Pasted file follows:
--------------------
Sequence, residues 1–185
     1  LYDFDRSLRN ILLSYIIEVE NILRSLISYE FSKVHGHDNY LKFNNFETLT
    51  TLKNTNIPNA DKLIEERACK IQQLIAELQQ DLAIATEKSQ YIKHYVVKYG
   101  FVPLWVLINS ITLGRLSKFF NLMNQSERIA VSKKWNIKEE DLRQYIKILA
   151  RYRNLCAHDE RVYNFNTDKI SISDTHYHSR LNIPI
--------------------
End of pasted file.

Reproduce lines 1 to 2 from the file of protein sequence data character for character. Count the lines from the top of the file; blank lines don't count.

Sequence, residues 1–185
     1  LYDFDRSLRN ILLSYIIEVE NILRSLISYE FSKVHGHDNY LKFNNFETLT